WEARSIDERS have been given a boost to household budgets after city leaders proposed a council tax freeze.
Sunderland City Council’s ruling cabinet has moved to accept Government cash for keeping council tax for 2012/13 at the same level as last year.
The proposals must be rubber-stamped at a meeting of all councillors next month.
The freeze comes as the council faces millions of pounds in grant cuts as part of the Government’s deficit reduction scheme.
Council leader Paul Watson praised officers for what he called financial “alchemy,” in delivering investments at the same time as freezing council tax.
“This is what the whole world expects to see from Sunderland now under the Sunderland Way of Working – delivering more for less.
“This is once again a very difficult budget.
“The council is faced with significant grant reductions and cost pressures resulting in a savings requirement of £28million for 2012/13.
“This comes on top of almost £58million of reductions required in 2011/12.”
The council has made millions of pounds in savings to come up with the cuts, including £15million from its three-year “directorate improvement plans,” and £8million by reviewing areas such as shared services and ICT. A total of £3million was saved by reviewing contingencies and money spent by third parties.
Cabinet secretary Councillor Mel Speding said: “The city council is proposing a council tax freeze.
“This course of action clearly recognises the economic climate and the challenges facing the residents of the city. This council will continue to do everything it can to try to mitigate the impact of these external challenges.”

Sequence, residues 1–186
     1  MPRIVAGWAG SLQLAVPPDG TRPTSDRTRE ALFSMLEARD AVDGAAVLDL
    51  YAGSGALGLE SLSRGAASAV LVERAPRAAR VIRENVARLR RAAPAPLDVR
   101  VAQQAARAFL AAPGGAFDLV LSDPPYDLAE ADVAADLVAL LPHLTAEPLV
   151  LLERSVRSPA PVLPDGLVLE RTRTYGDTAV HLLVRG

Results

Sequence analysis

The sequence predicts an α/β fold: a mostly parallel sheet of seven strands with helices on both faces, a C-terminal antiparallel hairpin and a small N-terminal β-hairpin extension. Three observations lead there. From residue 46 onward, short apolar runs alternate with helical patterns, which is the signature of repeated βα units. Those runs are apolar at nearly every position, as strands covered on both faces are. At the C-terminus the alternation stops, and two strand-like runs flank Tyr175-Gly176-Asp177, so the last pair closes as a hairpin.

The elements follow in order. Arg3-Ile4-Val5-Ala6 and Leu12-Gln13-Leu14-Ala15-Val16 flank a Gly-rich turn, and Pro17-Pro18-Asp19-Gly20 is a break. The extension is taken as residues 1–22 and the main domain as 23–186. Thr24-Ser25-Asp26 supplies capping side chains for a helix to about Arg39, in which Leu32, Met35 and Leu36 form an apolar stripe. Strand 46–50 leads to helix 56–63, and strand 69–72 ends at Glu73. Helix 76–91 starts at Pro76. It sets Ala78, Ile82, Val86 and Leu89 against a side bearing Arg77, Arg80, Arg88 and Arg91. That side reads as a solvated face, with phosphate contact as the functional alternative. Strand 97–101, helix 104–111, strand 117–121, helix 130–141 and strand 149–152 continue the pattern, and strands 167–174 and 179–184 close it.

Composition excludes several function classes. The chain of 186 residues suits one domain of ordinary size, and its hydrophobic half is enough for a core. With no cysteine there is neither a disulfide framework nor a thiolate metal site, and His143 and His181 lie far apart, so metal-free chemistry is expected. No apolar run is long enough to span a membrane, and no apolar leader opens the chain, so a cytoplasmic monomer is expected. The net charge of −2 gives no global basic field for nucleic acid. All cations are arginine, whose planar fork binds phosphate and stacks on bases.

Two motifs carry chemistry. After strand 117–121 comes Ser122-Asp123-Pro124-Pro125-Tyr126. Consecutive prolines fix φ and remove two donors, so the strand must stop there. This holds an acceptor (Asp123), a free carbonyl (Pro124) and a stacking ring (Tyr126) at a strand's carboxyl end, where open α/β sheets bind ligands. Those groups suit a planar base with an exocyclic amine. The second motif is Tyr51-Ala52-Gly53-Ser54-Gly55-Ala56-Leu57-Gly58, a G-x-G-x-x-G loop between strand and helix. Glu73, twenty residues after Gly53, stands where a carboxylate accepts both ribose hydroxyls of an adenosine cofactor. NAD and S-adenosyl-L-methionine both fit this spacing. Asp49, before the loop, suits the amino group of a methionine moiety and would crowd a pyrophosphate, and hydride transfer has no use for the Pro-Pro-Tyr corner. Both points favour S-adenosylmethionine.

The proposed freeze means Sunderland’s council tax is again likely to be the lowest in Tyne and Wear.
Sunderland Conservatives leader Robert Oliver, who had been pressing for a tax freeze, said: “I am pleased that the cabinet has decided to back the council tax freeze, which I think will benefit taxpayers in Sunderland.”
He added: “I think what we’re seeing is the city council doing what the Government wants, which is reducing waste and making efficiencies so they can spend on front-line services. That’s happening.”
The final decision on the council’s budget and council tax will be decided on March 7.
Council tax in Sunderland helps pay for about 800 different services, from refuse collection and recycling to libraries and leisure facilities.
Most of the money used to fund council services comes from the Government.
Last year, grants of more than £500million helped to fund the council’s budget, in addition to income from services such as licensing and planning.
Most properties in Sunderland fall into the lowest council tax bands, A and B.
The tax in Sunderland last year raised approximately £95million – 12 per cent of the council’s total budget.
The council’s total estimated expenditure for 2012/13 is £729million, which includes the cost or running schools and adult and child care services – the two most expensive areas.